Cigar Review: Camacho Liberty Series 2014

Cigar Review: Camacho Liberty Series 2014

Camacho Cigars / Davidoff
Country: Honduras
Wrapper: Ecuador (Habano 2005)
Binder: Honduras (Corojo 2006)
Filler: Nicaragua & Dominican Republic
Size: 6” x 54
Strength: medium to medium-full
Price: $17.0

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Overall Rating: 8.4

Each year Camacho releases a limited edition Liberty Series cigar that pays homage to this great country. In the last several years these cigars have been released in the 11/18 size with production limited to 2,000 boxes of 20 individual coffins. This annual release has always been one that is well worth seeking out. The 2014 Liberty Series is a good cigar, but doesn’t quite meet the high standards that one would expect from the Liberty Series.

Pre-Light: As always, the Camacho Liberty Series 2014 is an excellent looking cigar. There is reddish tint to the medium brown wrapper. The black Comacho Liberty band and secondary foot band are impressive looking despite the glaring error on it (see my On a side note section). Like past editions of the series each of the cigars is packaged in individually number coffins, but this year they are a bit more plain than in years past.

 

I have always loved the smell of the Camacho Liberty Series; the aromatic tissue paper emphasizes the cedar and spice aroma to the cigar’s wrapper. Off the unlit foot there is a natural tobacco and sweet spice scent. The cold draw is somewhat easy and allows through wood and spice flavors.

Burn: The burn on the Camacho 2014 Liberty Series is extremely even, which I’ve come to expect from the 11/18 size from Camacho. The draw is prefect and lets through a good amount of smoke. This size cigar is always great at holding it’s ash quite well.

Flavor: The cigar begins with some natural tobacco and cedar flavors with a hint of salted peanut in the background. On the retrohale there is a good amount of spice that is joined by white pepper and cedar. Some mild coffee flavor joins flavors of natural tobacco, cedar oak, spice and herbs during the second third of the cigar. At the halfway point a bit of powdered cocoa joins spice on the retrohale. By the halfway point in the cigar the coffee flavor becomes more dominant and mingles with oak, cedar and roasted nuts. At the transition to the final third there is a mix of coffee, oak, nuts, natural tobacco and mild spice. The spice and herbs begin to come back and mix with the coffee and nuts during the final third of the cigar. In the final inches of the cigar there is a bland of nuts, wood and natural tobacco.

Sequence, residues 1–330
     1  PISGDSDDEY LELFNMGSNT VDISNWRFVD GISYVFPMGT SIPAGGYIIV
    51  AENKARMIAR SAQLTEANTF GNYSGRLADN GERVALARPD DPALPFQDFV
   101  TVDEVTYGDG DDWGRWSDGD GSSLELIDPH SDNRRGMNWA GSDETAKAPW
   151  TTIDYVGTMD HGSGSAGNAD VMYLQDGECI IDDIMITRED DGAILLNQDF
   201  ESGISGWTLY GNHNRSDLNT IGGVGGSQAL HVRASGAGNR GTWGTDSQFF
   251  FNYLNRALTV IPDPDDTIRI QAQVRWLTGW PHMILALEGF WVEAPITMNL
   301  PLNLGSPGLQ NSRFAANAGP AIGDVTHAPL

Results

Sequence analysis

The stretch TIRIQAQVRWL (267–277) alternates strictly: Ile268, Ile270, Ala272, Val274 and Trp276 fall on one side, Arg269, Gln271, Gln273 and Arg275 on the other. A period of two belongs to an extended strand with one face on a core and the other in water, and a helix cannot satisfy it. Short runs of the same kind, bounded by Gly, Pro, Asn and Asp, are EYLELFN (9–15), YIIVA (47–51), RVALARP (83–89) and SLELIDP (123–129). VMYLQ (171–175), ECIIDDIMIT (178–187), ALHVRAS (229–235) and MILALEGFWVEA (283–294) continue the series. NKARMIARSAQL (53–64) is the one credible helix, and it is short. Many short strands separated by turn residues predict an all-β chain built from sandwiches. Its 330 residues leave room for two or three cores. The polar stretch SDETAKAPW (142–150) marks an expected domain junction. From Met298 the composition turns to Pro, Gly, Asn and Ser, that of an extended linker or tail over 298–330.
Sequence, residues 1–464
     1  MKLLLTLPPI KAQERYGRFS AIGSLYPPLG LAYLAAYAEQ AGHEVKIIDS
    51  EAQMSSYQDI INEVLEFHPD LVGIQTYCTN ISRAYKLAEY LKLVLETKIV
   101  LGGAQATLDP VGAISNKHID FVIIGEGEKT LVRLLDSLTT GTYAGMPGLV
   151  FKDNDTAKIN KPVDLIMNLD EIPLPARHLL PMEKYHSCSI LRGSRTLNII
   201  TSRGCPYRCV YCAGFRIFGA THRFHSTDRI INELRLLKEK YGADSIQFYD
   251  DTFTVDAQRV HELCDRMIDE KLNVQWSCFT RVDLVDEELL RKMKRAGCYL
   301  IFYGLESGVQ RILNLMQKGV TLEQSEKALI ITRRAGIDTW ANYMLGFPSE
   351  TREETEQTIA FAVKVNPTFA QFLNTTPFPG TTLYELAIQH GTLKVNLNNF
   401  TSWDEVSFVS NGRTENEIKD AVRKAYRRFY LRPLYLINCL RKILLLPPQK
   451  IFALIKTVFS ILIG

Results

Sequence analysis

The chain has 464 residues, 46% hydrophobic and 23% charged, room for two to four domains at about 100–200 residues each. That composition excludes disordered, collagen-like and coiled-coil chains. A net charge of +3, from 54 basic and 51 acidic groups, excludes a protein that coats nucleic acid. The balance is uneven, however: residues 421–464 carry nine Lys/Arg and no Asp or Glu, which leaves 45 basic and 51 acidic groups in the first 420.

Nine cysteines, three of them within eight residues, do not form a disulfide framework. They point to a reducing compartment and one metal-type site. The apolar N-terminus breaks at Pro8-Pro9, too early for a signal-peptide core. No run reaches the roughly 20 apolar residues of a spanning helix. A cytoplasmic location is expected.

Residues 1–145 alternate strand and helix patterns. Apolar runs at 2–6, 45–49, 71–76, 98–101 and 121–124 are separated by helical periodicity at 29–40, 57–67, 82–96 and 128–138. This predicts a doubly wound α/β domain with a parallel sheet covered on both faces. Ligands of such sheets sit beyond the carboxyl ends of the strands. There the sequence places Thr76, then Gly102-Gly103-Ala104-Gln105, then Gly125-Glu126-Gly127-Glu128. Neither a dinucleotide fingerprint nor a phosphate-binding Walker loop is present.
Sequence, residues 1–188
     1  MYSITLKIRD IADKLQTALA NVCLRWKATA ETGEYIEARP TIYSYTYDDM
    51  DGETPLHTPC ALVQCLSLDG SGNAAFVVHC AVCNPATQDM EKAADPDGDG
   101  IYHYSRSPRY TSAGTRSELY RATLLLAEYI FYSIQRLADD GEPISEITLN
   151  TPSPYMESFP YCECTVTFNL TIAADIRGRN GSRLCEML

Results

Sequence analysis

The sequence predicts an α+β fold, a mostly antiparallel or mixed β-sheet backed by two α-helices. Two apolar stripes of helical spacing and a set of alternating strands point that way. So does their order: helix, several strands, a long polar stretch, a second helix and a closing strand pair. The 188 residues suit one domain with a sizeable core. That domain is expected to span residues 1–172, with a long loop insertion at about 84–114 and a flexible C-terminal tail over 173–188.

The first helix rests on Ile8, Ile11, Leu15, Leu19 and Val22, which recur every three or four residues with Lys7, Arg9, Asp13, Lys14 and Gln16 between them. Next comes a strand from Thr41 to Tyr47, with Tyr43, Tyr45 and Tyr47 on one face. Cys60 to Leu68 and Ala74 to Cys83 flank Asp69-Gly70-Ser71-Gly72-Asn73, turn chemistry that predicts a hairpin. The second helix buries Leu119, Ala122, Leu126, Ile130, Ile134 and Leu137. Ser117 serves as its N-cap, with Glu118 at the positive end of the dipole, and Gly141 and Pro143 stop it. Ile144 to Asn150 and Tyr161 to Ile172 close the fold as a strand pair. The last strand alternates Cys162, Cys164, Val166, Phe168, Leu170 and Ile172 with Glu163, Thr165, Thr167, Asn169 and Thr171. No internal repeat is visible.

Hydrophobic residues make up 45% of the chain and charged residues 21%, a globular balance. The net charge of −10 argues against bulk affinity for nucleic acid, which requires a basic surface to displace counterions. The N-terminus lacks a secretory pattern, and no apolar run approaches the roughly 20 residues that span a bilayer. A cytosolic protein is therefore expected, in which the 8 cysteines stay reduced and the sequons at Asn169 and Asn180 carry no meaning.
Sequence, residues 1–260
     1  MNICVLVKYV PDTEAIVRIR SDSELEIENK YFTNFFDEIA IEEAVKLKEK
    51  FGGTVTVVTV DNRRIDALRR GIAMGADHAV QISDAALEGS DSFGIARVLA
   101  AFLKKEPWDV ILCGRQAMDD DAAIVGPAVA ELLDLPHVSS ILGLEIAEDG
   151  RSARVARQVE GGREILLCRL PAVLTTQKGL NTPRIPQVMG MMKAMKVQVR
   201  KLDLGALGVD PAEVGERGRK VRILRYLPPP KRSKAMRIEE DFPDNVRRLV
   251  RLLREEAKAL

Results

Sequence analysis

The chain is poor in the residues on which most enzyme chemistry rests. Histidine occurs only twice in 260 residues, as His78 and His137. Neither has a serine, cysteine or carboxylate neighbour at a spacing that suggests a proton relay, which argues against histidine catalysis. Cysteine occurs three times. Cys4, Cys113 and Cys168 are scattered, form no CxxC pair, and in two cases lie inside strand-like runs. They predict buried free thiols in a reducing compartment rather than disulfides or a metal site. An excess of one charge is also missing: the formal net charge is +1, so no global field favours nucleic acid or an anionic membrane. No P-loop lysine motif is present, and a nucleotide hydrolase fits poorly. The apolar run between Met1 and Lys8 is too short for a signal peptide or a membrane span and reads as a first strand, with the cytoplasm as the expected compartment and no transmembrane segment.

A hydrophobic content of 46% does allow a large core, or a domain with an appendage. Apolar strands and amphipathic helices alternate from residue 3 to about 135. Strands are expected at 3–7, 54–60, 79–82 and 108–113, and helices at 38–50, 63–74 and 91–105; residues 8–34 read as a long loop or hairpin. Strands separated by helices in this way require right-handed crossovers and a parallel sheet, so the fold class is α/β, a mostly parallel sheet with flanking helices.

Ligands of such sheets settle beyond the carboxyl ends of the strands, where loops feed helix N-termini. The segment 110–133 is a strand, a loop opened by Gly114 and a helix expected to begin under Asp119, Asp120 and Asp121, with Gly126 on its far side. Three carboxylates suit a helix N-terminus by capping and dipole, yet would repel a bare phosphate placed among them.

Overall: The Camacho Liberty Series is a cigar that I look forward to every year. Some years are obviously better than others, but they all then to be worth picking up several to sit down for a while. This year was somewhat underwhelming. The 2014 Liberty Series was not overly complex, and lacked a lot of the strong herbs and spice that are typically associated with the cigar. The flavors are more muddled and bland than what I associate with Camacho cigars. Personally, I will probably try the Camacho 2014 Liberty a few more times this year. This is not a cigar that will find a regular place in my everyday humidor (due to the steep price) or in my in my aging humidor (due to the lack of complexity).

Pairing: My personal choice for pairing with the Camacho Liberty 2014 is a Tobermory 15 single malt. A glass of Penderyn Welsh Single Malt or Glenmorangie Artein would also compliment the Liberty nicely. The Liberty Series 2014 is also the kind of cigar that pairs well with a glass of Pinot Noir or Merlot.

On a side note: E Pluribus Unum means “From many one” (loose translation) and was originally meant to describe how from many colonies came one nation. Now the motto has come to mean from many races, religions, languages and backgrounds has emerged one “melting pot” of a nation. By act of Congress, the motto has appeared on all American coinage since 1837. So why no one at Davidoff could’ve reached in their pocket and pulled out a coin or used Google to check the spelling before shipping the cigar is beyond me. Instead of E Pluribus Unum, the bands and boxes all read “E Plurbis Unum”. That’s kind of a big mistake, especially when it’s make on a $17.00 cigar! Maybe that’s what happens when a Swiss owned company makes and American themed cigar in Honuras. The whole thing is just a bit irksome.

Reviewed by Jonathan David (@JonDavid1210)